View Full Version : No more client side vertex arrays in OpenGL 3 : why ?

08-10-2007, 01:51 AM
I have written a benchmark to compare the rendering performance between dynamic vertex arrays stored in a VBO (updated with glBufferSubData or glMapBuffer) and dynamic vertex arrays stored in client memory. In my bench, vertex position, color and texture coordinates are updated every frame.

My bench results show that the VBO approach is less efficient :
dynamic VA in VBO (glBufferSubData) : 1031 FPS
dynamic VA in VBO (glMapBuffer) : 805 FPS
dynamic VA in client-memory : 1479 FPS

This is on Nvidia 7800GTX with latest ForceWare (162.18). The geometry contains 10,000 triangles.

So i wonder why client side vertex arrays will disappear in OpenGL 3 ?!

08-10-2007, 02:07 AM
The graphics card/driver has to copy the data into video memory anyway, before rendering it.

There's no point in offering/emulating functionality that is in fact not existent.

It is quite possible that the client-side-VA version of your code turned into a double-buffered solution (the driver renders from a temporary VBO while it uploads the new data into another temp. VBO), while glBufferSubData and glMapBuffer always refer to the same memory in video ram and therefore can offer less parallelism of rendering and uploading.

Also, the difference between 1032fps and 1479fps is 0.3 msecs. Try more geometry to measure significant differences.

08-10-2007, 08:34 AM
Try it with an 84.xx driver. I suggest 84.21. We have found VBOs used in this manner to have significant performance issues for all (so far) >= 90 series drivers.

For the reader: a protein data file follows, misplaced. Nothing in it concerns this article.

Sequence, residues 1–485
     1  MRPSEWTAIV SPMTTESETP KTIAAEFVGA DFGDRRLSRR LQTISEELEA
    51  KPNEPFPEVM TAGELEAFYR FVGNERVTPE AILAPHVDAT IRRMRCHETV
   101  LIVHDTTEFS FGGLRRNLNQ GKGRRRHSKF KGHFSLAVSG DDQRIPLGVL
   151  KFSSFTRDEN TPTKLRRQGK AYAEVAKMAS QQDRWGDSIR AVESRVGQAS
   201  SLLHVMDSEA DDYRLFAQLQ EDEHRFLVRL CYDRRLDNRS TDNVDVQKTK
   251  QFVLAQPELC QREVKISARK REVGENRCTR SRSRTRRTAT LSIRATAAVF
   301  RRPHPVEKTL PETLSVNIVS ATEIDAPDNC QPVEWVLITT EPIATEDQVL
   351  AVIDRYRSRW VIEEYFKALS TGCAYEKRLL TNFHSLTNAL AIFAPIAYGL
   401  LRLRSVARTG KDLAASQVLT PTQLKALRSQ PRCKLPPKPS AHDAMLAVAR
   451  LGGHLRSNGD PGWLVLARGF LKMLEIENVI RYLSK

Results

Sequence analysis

08-10-2007, 09:05 AM
How are you copying your data? Are you taking into account that the memory you're writing to might be non-cached memory? If that's the case, then if you're using the wrong CPU instructions (non-streaming instructions) during your memory copy, this can degrade performance and might explain what you're seeing.

Kevin B

08-10-2007, 09:09 AM
Care to post the source code for this benchmark?

08-10-2007, 10:18 AM
(updated with glBufferSubData or glMapBuffer)Your benchmark is irrelevant, because GL 3.0 has all of these (http://www.opengl.org/pipeline/article/vol004_3/) ways to make dynamic uploading faster.

08-10-2007, 05:17 PM
I had read that glBufferData is better than glBufferSubData in case you will fill the entire buffer.
In my benchmark, I did not see a difference.

08-10-2007, 07:05 PM
I had read that glBufferData is better than glBufferSubData in case you will fill the entire buffer.
In my benchmark, I did not see a difference.It all depends on what you're doing. If you're still using that buffer when you want to fill it, then yes, it would be a performance boost. But if you don't, then no, it would not.

The idea is that if the buffer is still in use, calling glBufferData allows the driver to simply allocate a new slice of memory instead of using the same one and waiting for rendering from it to cease.